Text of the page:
Liability After the Selling of a Sole Proprietorship

By Jeff Clements

Business owners often sell a business and expect to be rid of future obligations. However, due to the unique position of the sole proprietor, selling the business might not be the end of the story. There are multiple obligations and liabilities that might exist beyond the date of sale, including financial obligations as well as ongoing employment with the business.

Business owners often sell a business and expect to be rid of future obligations. However, due to the unique position of the sole proprietor, selling the business might not be the end of the story. There are multiple obligations and liabilities that might exist beyond the date of sale, including financial obligations as well as ongoing employment with the business.

Overview

A sole proprietorship is a simple and common form of small business in which the owner is in business for himself without partners or outside shareholders. Sole proprietorships operate under the authority of the individual business owner, so all assets and liabilities are in the owner's name and he is personally responsible for all of its business matters, such as any products sold to customers and any services rendered to clients.

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Sale of Assets

The sale of a sole proprietorship does not involve the sale of a separate business entity such as a corporation. A sole proprietorship can sell only its assets; the sole proprietor cannot sell the business as a whole, with all of its assets and liabilities under the umbrella of the business, because everything is in his name and, as a sole proprietor, he and the business are considered one and the same. Furthermore, although the trade name, inventory and equipment may be passed on to a new owner, the previous owner may still be liable for certain obligations.

Existing Liabilities

The business liabilities that are in the owner's name cannot be transferred to another person without the creditor's consent. Hence, a sole proprietor may sell the business - through the sale of its assets - but still remain liable for any debts the business incurred while he operated it. These can include any unassumed debt, current lawsuits and open trade accounts or leases that have not been transferred to the new owner.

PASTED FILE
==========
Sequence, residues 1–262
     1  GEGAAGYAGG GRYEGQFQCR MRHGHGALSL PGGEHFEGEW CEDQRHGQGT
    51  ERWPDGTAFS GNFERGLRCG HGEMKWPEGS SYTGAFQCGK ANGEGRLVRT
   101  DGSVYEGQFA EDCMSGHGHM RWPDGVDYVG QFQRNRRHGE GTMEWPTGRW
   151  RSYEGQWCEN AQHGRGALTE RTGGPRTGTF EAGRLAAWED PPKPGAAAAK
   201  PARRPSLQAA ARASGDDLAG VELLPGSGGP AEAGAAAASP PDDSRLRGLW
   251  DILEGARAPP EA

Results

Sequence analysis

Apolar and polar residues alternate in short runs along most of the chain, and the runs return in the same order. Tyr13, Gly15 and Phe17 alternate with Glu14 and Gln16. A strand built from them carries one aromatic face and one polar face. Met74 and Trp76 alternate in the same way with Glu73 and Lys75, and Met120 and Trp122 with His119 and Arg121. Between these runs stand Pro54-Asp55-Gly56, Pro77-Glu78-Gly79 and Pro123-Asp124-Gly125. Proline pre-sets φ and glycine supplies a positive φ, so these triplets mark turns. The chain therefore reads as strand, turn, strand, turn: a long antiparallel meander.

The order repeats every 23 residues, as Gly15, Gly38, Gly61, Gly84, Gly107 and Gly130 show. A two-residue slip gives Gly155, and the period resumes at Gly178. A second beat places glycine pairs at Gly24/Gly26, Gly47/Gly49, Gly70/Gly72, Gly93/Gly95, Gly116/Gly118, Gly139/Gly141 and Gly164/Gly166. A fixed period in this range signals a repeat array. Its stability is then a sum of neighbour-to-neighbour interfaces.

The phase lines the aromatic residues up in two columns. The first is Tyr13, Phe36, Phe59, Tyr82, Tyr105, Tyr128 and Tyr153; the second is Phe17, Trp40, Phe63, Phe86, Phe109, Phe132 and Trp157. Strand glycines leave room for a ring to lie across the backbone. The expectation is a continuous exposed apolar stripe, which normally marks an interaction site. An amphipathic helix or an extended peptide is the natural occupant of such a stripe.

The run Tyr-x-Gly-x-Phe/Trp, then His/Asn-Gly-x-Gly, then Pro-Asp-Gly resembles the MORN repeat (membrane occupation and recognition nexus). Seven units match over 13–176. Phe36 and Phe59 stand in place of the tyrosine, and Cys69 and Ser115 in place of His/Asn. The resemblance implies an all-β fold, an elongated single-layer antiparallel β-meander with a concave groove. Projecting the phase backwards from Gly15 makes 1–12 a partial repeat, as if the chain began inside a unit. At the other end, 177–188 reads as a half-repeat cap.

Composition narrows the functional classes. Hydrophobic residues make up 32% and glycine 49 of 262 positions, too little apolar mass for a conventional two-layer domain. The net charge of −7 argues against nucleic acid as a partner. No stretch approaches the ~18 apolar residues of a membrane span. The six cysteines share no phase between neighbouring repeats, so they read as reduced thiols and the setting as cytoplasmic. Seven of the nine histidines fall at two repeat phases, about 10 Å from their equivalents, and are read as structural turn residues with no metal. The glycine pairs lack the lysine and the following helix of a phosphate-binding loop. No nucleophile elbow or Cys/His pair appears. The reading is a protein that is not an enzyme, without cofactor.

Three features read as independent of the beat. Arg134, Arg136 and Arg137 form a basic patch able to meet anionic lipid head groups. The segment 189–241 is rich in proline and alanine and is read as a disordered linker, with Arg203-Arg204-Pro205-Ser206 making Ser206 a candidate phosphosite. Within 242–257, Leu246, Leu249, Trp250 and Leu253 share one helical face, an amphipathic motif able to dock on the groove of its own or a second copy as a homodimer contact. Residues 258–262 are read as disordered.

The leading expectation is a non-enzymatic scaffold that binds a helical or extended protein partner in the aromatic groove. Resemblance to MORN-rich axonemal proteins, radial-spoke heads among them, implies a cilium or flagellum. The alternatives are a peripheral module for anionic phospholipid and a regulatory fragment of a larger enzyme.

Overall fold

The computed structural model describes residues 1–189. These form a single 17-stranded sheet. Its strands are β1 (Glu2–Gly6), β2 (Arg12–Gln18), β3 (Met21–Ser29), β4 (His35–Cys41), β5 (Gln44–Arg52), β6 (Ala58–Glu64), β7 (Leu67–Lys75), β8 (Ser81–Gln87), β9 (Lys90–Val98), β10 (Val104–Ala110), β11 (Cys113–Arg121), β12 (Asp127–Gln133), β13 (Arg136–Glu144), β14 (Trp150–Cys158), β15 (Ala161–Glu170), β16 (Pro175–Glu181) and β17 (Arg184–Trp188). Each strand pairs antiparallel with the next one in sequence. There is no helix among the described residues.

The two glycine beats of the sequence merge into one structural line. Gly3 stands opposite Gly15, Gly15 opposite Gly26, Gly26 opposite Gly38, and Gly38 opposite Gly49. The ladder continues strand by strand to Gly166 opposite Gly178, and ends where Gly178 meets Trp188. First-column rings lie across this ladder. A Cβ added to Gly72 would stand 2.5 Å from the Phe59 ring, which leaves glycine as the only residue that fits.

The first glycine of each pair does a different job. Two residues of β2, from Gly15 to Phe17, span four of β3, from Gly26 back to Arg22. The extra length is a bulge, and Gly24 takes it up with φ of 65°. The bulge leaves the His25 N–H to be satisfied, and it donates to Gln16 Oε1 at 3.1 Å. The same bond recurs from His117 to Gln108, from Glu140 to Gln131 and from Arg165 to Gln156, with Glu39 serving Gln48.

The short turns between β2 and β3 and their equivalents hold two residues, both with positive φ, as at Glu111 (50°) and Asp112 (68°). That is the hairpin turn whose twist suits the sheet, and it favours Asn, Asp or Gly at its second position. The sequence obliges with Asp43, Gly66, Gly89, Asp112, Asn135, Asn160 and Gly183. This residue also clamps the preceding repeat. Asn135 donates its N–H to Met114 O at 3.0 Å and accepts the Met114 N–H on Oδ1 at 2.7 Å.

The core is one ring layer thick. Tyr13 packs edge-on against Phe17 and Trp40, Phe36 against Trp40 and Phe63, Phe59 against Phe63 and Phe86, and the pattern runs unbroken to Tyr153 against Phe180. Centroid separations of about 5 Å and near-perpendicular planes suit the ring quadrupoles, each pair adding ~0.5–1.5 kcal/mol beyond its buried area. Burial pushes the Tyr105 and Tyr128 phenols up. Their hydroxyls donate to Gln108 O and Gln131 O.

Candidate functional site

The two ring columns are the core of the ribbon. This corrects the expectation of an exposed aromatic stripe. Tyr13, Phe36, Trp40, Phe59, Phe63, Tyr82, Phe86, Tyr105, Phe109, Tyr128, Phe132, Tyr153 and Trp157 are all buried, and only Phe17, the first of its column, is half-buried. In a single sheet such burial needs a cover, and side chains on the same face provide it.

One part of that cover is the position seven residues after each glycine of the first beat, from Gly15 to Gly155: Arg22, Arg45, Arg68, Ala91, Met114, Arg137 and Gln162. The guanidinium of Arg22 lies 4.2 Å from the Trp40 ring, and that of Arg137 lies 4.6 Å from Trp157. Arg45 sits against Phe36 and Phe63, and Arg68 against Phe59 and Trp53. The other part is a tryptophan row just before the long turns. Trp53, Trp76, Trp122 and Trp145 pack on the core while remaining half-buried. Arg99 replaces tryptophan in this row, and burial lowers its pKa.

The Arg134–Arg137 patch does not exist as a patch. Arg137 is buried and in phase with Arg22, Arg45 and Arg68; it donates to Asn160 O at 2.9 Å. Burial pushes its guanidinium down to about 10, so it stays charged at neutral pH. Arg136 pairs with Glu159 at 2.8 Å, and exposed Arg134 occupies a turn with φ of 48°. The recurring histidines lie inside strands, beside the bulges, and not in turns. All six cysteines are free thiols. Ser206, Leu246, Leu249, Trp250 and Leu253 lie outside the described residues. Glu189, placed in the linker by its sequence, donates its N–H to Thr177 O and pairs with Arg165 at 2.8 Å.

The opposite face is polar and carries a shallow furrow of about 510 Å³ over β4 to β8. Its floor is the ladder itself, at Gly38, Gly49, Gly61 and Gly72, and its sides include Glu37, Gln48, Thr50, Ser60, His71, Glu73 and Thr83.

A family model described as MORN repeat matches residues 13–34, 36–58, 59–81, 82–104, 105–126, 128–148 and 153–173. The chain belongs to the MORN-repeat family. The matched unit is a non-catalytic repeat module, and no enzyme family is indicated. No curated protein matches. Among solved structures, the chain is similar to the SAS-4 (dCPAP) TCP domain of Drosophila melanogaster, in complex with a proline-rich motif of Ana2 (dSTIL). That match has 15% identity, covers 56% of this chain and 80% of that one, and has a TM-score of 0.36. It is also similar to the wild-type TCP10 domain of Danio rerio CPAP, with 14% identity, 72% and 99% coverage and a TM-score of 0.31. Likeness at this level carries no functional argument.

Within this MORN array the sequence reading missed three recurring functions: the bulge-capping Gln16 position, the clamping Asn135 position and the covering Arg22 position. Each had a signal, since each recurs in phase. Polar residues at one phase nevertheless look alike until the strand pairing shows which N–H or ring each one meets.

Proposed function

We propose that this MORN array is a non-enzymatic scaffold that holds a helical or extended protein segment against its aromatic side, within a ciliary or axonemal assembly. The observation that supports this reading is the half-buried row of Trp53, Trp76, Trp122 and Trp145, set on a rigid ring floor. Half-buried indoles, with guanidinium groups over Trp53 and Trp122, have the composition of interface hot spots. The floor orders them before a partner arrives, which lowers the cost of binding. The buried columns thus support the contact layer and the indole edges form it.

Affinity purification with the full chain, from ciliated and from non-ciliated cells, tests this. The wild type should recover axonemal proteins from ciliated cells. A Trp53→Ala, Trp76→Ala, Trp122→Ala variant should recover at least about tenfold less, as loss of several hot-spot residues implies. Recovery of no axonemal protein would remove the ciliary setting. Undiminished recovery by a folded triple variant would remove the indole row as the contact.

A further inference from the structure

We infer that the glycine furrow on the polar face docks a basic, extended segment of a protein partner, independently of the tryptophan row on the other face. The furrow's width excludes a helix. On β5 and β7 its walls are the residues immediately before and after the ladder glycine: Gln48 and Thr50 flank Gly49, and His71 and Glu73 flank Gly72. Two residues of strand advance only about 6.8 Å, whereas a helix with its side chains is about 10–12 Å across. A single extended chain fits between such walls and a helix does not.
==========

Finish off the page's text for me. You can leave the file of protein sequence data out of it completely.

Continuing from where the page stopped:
Future Liabilities

Additionally, the original owner will be personally responsible for any future liability that stems from business activity during the time he was operating the sole proprietorship. Even though the business has been sold, he can be sued by unhappy customers or others for various reasons until the statute of limitation expires on their claims. Also, new owners often want help in making the transition to new ownership; as a condition of many acquisition agreements, new owners will hire the previous sole proprietor to stay on for a period of time as a manager or consultant.

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Procedure for Change in the Ownership of a Sole Proprietorship

References

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The Top Ten Risks in a Sole Proprietorship

A sole proprietorship is the most basic form of business -- where the owner is in business for himself as an individual without outside partners or the complexities of any corporate structure. Accordingly, the sole proprietorship operates as an alter ego of the owner, not as an independent legal entity. This gives rise to various types of risk to the sole proprietor in the course of business.

How to Dissolve a Sole Proprietorship After the Owner's Death

If the owner of a sole proprietorship dies, then the business also ceases to operate, because state laws and IRS rules do not consider a sole proprietorship to be separate from the individual owner. While carrying out the terms of a will, the executor or representative of the owner has to wind down the business by performing specific steps intended to avoid any future legal or tax complications.

Difference Between an Individual & a DBA

An individual may operate an unincorporated business as a sole proprietor either under her own name or an assumed trade name, which is called a DBA or "doing business as" name. Business partnerships and corporations may also choose to conduct business under a fictitious DBA name to distinguish their business from others or build the basis for a better marketing platform.

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